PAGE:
Health care in Israel is universal and participation in a medical insurance plan is compulsory. Health care coverage is administered by a small number of organizations, with funding from the government. All Israeli citizens are entitled to the same Uniform Benefits Package, regardless of which organization they are a member of, and treatment under this package is government-funded for all citizens regardless of their financial means. Additional coverage for non-essential treatments can be arranged for a fee, which is generally shared between a citizen and their employer. Generally, health care in Israel is of high-quality and is delivered in an efficient and effective manner. Partly as a result of this, at an overall 82 years, Israelis enjoy the fourth-longest life expectancy in the world as of 2012.Healthcare and college are primarily state funded. Which would make it clearly socialist according to some.Universities generally require a certain amount of bagrut matriculation units (as well as a certain grade average) and a good grade in the Psychometric Entrance Test, which is similar in many respects to the American SAT. All of Israel's eight public universities, and some of its colleges, are subsidized by the state, and students pay only a small part of the actual cost of tuition.
Are we confusing socialism with taxpayer subsidies for the theoretical greater good of the society?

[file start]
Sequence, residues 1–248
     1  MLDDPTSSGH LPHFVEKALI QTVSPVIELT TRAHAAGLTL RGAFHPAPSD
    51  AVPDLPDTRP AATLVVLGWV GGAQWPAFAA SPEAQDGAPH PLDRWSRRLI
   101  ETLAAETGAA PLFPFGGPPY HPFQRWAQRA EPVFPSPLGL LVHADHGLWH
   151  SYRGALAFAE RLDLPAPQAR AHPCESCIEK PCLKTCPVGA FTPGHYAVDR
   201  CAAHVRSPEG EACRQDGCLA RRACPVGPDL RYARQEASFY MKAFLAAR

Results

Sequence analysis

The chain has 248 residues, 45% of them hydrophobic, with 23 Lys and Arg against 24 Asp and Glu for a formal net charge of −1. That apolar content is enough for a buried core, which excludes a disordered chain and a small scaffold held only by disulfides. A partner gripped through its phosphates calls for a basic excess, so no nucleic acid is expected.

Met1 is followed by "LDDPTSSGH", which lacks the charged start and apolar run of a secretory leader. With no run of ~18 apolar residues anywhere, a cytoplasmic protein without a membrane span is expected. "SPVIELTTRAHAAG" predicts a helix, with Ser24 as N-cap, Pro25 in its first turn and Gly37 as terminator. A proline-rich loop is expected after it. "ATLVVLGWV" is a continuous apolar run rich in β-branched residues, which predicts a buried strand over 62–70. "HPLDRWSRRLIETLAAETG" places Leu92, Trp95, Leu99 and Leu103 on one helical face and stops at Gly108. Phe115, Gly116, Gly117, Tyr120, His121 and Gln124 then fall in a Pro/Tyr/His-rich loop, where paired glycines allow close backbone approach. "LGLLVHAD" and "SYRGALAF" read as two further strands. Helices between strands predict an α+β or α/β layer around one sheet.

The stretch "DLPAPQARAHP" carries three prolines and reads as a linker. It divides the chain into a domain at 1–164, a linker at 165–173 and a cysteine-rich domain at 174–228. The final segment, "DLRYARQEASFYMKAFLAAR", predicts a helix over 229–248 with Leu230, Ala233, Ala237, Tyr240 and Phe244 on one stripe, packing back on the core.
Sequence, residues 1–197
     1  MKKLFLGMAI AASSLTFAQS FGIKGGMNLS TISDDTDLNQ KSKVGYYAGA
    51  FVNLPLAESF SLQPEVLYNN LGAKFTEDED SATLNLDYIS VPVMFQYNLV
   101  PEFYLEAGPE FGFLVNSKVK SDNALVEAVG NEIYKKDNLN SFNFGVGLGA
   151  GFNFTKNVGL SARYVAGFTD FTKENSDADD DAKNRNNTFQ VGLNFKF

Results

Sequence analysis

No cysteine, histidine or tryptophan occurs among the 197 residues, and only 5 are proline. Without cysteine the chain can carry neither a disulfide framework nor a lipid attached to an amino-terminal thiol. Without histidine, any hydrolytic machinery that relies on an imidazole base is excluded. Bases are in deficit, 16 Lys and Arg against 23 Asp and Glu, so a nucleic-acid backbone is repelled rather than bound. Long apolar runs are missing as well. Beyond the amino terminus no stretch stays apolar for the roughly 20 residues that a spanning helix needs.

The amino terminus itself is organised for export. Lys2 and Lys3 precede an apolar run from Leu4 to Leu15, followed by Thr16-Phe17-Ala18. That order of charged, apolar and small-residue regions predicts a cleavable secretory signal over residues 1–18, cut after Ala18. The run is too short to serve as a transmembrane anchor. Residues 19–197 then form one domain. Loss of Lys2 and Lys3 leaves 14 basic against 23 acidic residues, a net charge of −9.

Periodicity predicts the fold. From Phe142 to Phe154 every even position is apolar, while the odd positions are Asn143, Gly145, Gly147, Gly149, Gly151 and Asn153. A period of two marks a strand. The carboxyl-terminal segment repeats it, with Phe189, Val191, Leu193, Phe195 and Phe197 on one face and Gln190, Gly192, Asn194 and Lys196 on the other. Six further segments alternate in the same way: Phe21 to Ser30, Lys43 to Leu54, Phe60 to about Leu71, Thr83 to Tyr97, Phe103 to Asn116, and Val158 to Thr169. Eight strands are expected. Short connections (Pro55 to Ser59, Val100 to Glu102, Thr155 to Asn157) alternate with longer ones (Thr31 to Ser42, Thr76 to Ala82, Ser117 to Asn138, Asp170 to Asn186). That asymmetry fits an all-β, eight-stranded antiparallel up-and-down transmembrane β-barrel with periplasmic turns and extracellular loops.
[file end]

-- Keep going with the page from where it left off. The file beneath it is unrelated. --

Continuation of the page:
A slippery slope indeed!
Anat Hoffman, who was among those detained, said the women were stopped because they were wearing religious garb that Orthodox Judaism reserves for men only. The incident occurred at the Western Wall, one of Judaism's holiest sites.
Police spokesman Micky Rosenfeld said the women were detained because they acted against court-ordered regulations that bar women from wearing prayer shawls at the Western Wall so as not to offend Orthodox Jewish worshippers. Rosenfeld said the women were released after several hours.
Hagel moves closer to confirmation:
WASHINGTON — After a combative two-hour debate, the Senate Armed Services Committee on Tuesday approved the nomination of former Senator Chuck Hagel as defense secretary, sending it to the full Senate.
But the 14-to-11 vote, which broke down entirely along partisan lines, was just the beginning of a process this week that seemed certain to further expose a deep rift between Republicans and Democrats over President Obama’s foreign policy prerogatives.
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